Education Case Studies
Education Case Studies
Creating and sustaining a high performance school culture can be a huge challenge in schools. Even more so if it involves bringing schools together to form a new learning organisation. Sir Craig Tunstall, Executive Principal of Gipsy Hill Federation and Mayflower Federation of primary schools, worked with his school community to move low performing schools to outstanding. He shared his learnings with participants in the Building Practice Excellence International Conference 2016, as part of the Bastow Institute for Educational Leadership’s Creating a High Performance Learning Culture course.
Peer observation and feedback were key elements in his strategy for improvement. These strategies were essential to improving learning and teaching. Processes were established which were transparent and became embedded over time, based on a collaborative culture where there was genuine trust and respect.
Building collective responsibility, with every teacher having the highest expectation for every student, is a non-negotiable. Craig has put in place the necessary structures to enable teachers to regularly meet during the school day to share their skills and challenge each other to continually strive for improvement.
Prudence (Prue) Barnes-Kemp is an Australian-trained teacher and now Executive Head Teacher of the Opossum Federation in the UK, overseeing four primary schools. Prue shared her experience and insights into high performance learning culture in schools as a keynote speaker at the Building Practice Excellence International Conference 2016, part of the Creating a High Performance Learning Culture course. The course is developed and delivered by Cambridge Education for the Bastow Institute of Educational Leadership.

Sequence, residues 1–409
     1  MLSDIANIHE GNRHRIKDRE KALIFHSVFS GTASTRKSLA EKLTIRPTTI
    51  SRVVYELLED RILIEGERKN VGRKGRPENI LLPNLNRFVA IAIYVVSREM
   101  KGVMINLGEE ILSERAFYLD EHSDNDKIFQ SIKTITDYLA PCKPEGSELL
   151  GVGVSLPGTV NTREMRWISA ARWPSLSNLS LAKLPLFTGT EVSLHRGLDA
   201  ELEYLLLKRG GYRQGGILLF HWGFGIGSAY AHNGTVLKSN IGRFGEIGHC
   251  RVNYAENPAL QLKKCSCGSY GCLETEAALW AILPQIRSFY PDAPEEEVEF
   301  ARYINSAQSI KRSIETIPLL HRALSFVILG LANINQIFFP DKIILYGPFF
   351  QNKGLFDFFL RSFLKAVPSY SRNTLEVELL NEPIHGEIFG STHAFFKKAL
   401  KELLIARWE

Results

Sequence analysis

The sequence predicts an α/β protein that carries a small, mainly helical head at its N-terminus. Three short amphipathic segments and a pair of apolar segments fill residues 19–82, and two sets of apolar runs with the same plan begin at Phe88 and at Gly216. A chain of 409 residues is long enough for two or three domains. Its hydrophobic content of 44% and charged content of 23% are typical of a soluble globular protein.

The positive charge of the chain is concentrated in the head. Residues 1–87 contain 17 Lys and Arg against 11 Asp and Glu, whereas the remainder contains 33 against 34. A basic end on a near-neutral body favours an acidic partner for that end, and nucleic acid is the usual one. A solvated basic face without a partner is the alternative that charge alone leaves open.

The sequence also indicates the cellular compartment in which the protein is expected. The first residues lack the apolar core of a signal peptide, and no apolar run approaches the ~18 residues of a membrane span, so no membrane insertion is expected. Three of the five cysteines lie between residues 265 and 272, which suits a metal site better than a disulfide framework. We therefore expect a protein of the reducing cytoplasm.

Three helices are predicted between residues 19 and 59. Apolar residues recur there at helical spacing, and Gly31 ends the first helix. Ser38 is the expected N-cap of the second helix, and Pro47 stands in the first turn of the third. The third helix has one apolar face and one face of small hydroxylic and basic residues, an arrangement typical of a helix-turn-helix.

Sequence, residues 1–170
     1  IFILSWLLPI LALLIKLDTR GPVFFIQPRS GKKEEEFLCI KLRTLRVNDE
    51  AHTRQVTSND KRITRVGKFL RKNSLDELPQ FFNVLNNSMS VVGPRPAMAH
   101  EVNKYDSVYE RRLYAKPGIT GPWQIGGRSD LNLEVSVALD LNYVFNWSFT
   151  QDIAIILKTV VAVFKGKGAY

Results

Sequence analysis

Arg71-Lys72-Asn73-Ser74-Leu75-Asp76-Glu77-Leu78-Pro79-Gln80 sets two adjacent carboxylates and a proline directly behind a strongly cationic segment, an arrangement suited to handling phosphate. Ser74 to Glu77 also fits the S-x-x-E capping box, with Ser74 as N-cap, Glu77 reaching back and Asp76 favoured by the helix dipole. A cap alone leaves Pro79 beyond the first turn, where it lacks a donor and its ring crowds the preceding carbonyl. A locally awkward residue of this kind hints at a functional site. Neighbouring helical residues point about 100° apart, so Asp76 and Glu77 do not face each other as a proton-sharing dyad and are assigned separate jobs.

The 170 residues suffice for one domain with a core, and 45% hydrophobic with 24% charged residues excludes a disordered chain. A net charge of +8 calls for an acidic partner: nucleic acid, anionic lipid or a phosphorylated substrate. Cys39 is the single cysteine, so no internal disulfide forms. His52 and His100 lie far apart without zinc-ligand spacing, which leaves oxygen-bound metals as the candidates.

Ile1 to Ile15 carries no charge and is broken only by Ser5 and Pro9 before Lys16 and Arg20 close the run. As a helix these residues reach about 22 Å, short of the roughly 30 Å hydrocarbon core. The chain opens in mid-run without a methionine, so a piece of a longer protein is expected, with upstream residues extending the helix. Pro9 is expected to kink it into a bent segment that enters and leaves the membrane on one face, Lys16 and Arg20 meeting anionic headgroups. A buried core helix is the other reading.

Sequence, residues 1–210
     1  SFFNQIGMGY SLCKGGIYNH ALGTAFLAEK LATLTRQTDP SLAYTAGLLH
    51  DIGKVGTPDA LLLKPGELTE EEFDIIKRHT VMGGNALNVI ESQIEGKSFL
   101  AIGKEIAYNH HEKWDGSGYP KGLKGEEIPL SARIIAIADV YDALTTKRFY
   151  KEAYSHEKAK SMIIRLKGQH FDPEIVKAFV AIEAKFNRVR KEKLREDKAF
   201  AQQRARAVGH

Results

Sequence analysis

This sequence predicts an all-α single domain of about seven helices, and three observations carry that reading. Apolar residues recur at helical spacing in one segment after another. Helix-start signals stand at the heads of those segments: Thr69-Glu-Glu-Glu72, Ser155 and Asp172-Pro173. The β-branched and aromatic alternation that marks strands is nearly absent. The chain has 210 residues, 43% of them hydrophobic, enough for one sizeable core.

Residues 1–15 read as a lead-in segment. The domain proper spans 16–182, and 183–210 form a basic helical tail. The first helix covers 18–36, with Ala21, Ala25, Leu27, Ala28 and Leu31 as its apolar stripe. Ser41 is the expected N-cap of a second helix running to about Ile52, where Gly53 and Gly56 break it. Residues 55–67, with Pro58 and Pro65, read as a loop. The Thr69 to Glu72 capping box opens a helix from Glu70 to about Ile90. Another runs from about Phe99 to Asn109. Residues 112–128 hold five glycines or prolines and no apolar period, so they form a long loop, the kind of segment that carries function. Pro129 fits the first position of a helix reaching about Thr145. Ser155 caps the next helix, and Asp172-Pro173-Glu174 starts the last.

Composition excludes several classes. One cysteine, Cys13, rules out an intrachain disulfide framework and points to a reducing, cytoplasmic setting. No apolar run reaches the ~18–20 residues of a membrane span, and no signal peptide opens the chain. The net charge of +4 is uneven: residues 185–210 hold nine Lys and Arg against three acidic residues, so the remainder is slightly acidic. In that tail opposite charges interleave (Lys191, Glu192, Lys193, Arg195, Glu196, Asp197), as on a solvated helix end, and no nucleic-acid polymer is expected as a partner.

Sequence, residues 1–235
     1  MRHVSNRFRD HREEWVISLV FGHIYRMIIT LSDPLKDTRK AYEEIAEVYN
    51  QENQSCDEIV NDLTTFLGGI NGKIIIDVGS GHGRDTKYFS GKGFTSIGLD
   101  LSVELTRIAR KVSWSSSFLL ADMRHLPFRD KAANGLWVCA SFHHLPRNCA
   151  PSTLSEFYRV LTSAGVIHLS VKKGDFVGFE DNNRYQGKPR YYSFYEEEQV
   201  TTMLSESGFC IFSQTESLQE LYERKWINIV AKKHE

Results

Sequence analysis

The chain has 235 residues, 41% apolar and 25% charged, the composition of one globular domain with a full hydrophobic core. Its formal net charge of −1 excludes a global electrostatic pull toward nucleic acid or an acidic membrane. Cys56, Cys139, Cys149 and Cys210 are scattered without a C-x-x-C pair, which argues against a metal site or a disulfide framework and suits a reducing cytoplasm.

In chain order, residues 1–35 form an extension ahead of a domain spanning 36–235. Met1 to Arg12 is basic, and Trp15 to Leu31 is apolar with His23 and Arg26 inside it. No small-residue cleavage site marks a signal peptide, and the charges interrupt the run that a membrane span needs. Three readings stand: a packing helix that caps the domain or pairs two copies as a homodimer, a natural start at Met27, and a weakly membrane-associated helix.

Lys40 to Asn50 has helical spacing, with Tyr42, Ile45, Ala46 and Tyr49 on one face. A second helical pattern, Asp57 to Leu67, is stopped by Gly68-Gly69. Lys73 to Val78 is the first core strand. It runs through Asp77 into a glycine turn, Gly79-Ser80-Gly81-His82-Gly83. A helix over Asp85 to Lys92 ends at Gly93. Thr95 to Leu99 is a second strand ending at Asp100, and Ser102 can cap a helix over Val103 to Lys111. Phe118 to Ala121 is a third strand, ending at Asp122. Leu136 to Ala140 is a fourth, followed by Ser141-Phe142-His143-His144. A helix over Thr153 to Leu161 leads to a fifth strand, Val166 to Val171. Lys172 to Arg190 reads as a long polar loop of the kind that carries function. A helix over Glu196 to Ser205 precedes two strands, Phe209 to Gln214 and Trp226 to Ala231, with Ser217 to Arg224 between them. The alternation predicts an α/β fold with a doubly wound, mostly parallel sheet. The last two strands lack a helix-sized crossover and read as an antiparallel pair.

Prue led a number of schools from low performing to ‘outstanding’, as assessed by Ofsted – the Office for Standards and Education in the UK. Prue led schools which were socially disadvantaged and where the high majority of students did not speak English as their first language. Working with her staff and community, these students now consistently achieve outstanding results in reading, writing and mathematics.
Emotionally intelligent leadership is a key ingredient necessary to build trust and create a positive learning environment for students, according to Prue. Developing a sense of moral and social and challenging and extending knowledge are all important parts of being a leader.
School leaders also have an essential role to play in enabling quality professional learning for teachers, to develop a deep understanding of the needs of their students and equip them with the tools and skills needed to help every student to learn.